THIS PART IS KIND OF A RANT, NO NEED TO READ, JUST STUFF I DIDN’T SAY IN CLASS (feel free to stumble through my rant if you want to though)
We’re supposed to describe the ‘Mathematical Method’, but I’m not even sure what math is. There’s a part of me that thinks that it’s simply a social construct. One could counter that thought rather easily, because if you thought about math in an extremely one dimensional fashion, math exists, numbers work, and they repeat. Therefore math can’t be a social construct because it exists and developed separately in different cultures. However, we only experience the world in three dimensions, four if you count time, or more because I’m not exactly smart. The thing is, we don’t really understand our world, and it could all be coincidence that math works for us the way it does. That does mean it’s right or true. We could learn one more simple thing about the world, we could learn something about the way math works considering higher dimensions, and our entire system of math going down to one plus one could be wrong.
In class we discussed how in math, things can be proven mathematically and physically. However, we had an extremely flawed discussion about it that really annoyed me. We discussed the idea that triangles can have different sums of angles based on the shape of the plane they’re on. For example, we discussed triangles on spheres. I think the problem was that the people in the class didn’t understand that mathematically, spheres are two-dimensional objects, balls are the ones that are three-dimensional. Someone in class used the idea that if you cut out a triangular piece of pie crust from a curved pie, it’s a three dimensional object and therefore not a triangle, and rather a prism. Therefore, continually proving that the sum of angles on all triangles is 180 degrees? That got me extremely frustrated but I’ve been working on holding my tongue. Anyways, the entire basis of that argument is wrong because the pie crust is three-dimensional, not two dimensional. Also, the idea that a plane must be perfectly flat is kind of frustrating. However, this was a good introduction into the idea of whether there are mathematical ideas that can’t be proven physically, only mathematically.
THIS IS WHERE I ACTUALLY DO MY HOMEWORK
I guess the mathematical method is Euclidean logic, as in the seven books of Euclid that Lincoln took off five years to read and ponder. Based on that assumption (I’m using Euclidean logic here), the mathematical method is the use of known facts, to extrapolate new facts. For example, I know the sky is blue, because my mother told me so, therefore, anything that looks like the sky is also blue. It’s annoying that I never got to study logic in math class in school, we should really put it into the curriculum. However, I still use this in school, it’s how we learn every single subject. Take science, if mixing water and acid results in an exothermic reaction, and I know that exothermic reactions give off energy. We constantly learn things, and put them together to realize new things. In a way, that’s all learning is, and therefore, everything is the mathematical method.
In that way, one could say that the scientific method, is part of the mathematical method. In the way that people argue the natural sciences are branches of math, simply with dimensions, the scientific method is a branch of the mathematical method. The scientific method involved the use of prior knowledge to gain further knowledge. However, at its’ very base the mathematical method doesn’t have an empirical element. Whereas is science, you test theories, making science seem very different than math, and in my opinion, much less concrete. Because of the empirical nature of science, the use of the scientific method involves degrees of certainty, whereas math doesn’t. However, I’m not completely sure where the line between science and math is. Depending on your definition of math, it does have degrees of certainty. In fact the mathematical method could also be something within the scientific method. Often times you have prior knowledge on a subject (knowledge + observation), which leads to a question, which leads to an experiment, data collection, and conclusion. Math also has all of these elements, except the experiment part is usually the process of solving an equation, and the data and conclusion are the answers. That mostly assumes that math is equations and it’s definitely more than that. Still, this illustrates the fact that math and science are so intertwined it’d be impossible to find a proper difference for “strengths and weaknesses”.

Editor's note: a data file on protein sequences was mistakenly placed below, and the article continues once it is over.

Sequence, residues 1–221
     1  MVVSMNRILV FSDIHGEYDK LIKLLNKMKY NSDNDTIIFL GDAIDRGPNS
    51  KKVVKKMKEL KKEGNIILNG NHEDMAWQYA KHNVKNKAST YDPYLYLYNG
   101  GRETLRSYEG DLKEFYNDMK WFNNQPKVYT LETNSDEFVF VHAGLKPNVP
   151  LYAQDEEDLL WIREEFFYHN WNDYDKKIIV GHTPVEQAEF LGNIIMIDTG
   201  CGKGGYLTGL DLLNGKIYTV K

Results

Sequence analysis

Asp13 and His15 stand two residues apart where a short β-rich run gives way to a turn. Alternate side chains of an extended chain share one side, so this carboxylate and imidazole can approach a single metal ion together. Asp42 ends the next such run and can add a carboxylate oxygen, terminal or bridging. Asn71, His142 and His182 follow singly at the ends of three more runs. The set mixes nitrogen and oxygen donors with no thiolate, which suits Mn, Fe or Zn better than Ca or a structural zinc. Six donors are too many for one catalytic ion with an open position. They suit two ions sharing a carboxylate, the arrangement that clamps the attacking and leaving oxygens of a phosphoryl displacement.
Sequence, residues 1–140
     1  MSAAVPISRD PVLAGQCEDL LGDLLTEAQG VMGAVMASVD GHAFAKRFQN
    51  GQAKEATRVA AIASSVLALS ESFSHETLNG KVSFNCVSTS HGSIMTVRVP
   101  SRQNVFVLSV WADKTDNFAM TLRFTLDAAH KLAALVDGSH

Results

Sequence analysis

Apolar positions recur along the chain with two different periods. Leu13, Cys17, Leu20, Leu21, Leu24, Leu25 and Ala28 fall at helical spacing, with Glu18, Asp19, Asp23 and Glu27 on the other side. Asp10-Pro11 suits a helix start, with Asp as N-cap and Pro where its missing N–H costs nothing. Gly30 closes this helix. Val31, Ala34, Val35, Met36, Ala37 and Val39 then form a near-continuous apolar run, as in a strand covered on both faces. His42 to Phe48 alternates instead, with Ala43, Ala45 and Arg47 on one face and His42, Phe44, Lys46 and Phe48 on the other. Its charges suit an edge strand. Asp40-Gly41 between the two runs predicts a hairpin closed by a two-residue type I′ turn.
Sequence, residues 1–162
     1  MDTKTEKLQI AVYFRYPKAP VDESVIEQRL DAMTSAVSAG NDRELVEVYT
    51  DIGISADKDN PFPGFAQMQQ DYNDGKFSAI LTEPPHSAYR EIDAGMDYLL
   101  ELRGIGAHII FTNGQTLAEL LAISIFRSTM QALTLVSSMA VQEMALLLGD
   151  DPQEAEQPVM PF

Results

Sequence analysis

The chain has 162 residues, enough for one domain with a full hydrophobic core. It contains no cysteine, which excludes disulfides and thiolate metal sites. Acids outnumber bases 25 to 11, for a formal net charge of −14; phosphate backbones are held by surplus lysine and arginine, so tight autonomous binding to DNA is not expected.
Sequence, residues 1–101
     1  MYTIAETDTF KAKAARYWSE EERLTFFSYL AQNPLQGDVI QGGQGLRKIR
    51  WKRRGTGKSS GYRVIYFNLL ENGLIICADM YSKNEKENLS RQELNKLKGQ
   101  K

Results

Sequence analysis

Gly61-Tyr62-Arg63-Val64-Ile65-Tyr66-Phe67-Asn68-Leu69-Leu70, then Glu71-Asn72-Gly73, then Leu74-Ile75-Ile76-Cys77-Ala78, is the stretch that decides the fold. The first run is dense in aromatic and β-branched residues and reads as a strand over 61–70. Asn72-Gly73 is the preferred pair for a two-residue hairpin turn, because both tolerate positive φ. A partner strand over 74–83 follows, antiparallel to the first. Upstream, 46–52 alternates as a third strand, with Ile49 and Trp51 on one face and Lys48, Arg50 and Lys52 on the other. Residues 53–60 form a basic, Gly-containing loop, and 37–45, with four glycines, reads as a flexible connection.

The “strengths and weaknesses” of the mathematical and scientific methods boil down to one main thing, truth. They both attempt to find truth in slightly different ways. One could say that the mathematical method is flawed because it makes assumptions, such as “the sky is blue”. However, the scientific method also makes assumptions, if you’re testing the density of two different balls, you don’t question whether they’re balls, or that they’re what you’re actually measuring. In that sense, they’re equal. One could argue that a strength of the scientific method is trials, however it can never find a perfect truth, and it’s always based off of flawed fact, just like the mathematical method. On the other hand, a strength of the mathematical method is that it doesn’t have degrees of certainty and therefore can have perfect truths if you don’t take into account the degrees of certainty of the original truths.